One of the other sailors had two flies  tattooed  on his chest and when the guy was laying on his bed in the dark  you swore they were real and would try to swoosh them away.

One of the older sailors had  been  in  Teddy Roosevelt's  great white fleet that had said around the  world  at the turn of the century.

One of the sailors on his ship had a glass  eye and had memorized the chart and that the doctors looked the other way  because  it  was  war time. He  shouldn't  have  passed  the physical.

Some of the older sailors who had  been  around quite awhile  had said that prostitutes in the ports sooner or later ended up in Singapore when they got older no matter where they  may have started. They didn't know why but were quite certain in this observation.

My Dad said that my Grandfather had sent him a letter saying  that two FBI agents had shown up in Buffalo looking for him  thinking he was dodging the draft, they asked my Grandfather where he  was and  he told them he was in the South Pacific fighting  the Japs and one said to the other that this was another screw up.

They would be at sea for along time and so saved up a  lot  of pay and then would blow it during a  few days of drinking and partying once in port.

Rotation to South America

Later  his ship was assigned to a flotilla of ships which  sailed up  and  down the west coast of South America. There  were  fears that  German immigrants in Chile might be pro Nazi and also  that German raiders or submarines might strike. My Dad said that  once they were on alert because a German Raider was coming around  the Cape, but it was sunk before it got to them. But mostly, it was a diplomatic "show the flag" mission.

My Dad said that Chile was pro German until Hitler made a  speech promising that the Pacific would be a Japanese lake. The Chileans were a little put off by this to say the least.

On  there way there from the Pacific, they stopped in Panama  and as they were approaching they were warned off, they were sailing right into a mine field. It turned out that the sailors in charge of maintaining the maps didn't bother to keep them up for regions they weren't sailing in. The Captain was furious and made them go through every update and correct the maps before any of them  got any shore leave.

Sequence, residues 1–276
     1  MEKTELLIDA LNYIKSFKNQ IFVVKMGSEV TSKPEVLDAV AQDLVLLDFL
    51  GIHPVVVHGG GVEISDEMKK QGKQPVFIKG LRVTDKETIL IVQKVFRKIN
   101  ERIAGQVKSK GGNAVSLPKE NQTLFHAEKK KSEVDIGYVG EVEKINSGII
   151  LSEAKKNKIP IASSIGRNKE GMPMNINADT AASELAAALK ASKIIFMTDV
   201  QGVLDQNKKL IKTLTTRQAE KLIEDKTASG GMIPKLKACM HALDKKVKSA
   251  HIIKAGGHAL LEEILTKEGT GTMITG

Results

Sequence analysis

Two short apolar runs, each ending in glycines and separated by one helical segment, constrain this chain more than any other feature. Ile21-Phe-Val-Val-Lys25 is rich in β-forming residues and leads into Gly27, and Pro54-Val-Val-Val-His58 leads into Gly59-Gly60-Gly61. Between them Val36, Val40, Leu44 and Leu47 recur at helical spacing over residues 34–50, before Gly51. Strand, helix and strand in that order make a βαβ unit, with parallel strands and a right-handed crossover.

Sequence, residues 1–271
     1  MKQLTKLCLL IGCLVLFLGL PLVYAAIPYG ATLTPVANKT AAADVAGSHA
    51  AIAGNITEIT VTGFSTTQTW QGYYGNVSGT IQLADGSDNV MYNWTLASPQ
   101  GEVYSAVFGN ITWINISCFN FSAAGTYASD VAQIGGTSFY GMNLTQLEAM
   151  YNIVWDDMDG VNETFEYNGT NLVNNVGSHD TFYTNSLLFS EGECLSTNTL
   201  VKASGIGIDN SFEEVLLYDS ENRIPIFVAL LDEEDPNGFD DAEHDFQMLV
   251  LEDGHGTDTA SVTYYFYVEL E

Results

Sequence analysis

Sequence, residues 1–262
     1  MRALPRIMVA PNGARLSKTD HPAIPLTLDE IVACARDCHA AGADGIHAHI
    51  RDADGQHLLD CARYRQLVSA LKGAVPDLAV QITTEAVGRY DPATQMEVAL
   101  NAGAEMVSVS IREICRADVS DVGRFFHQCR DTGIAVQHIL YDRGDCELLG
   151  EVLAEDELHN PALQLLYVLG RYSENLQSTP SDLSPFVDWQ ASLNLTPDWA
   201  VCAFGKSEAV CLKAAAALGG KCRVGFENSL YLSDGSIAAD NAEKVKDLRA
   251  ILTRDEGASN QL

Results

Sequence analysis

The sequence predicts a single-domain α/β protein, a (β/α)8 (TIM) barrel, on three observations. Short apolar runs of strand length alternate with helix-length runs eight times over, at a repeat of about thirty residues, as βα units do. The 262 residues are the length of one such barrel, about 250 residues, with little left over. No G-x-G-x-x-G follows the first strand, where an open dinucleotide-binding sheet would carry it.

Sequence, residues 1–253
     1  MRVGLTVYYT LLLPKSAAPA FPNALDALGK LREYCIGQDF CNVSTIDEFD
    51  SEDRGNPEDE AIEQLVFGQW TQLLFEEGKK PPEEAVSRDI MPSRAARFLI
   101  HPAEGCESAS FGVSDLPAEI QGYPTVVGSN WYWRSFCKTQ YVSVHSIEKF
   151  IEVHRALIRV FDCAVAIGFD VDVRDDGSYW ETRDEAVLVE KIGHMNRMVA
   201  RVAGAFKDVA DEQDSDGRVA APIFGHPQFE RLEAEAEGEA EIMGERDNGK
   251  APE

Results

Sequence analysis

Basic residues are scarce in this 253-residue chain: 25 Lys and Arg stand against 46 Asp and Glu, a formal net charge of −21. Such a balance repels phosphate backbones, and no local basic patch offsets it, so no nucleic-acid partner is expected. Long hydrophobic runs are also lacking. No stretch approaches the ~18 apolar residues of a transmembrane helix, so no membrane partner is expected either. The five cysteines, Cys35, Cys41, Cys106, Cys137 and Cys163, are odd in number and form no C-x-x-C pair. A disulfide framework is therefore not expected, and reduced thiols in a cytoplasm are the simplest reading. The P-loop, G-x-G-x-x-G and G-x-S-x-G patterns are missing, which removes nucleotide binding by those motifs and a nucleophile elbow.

One time when they were in the port near Lima, Peru he was out drinking with his buddies and they got in a taxi cab to go to Lima proper. They were pretty drunk and didn't realize the speedometer was in kilometers per hour instead of miles per hour and were scared and started screaming at the driver to slow down. Unfortunately they didn't speak Spanish and he didn't speak English.

I  think they spent most of their time in and  around Valparaiso, Chile (the sea port for Santiago).

He dated the daughter of the British Attaché while there.

He was in charge of the main radar, but there was also radar for aiming the guns. Someone ordered him to let the other guys run the gun radar. They had a special demonstration for some high ranking Chilean officials where they were going to show off the radar guided guns, but instead of shooting at the target, they shot at the destroyer pulling it. The shells narrowly missed it zooming right over it. The captain was furious at my Dad until he found out he wasn't involved and then was furious at the others. After that ALL radar was put under my Dad's control.

My  Dad  never smoked but he said cigarettes  were  so  valuable, especially  to  the civilians (in trade)  that  he  pretended  to smoke. He would light a cigarette and leave it burn in an  ashtray whenever the Captain was around so that no one would ever question it.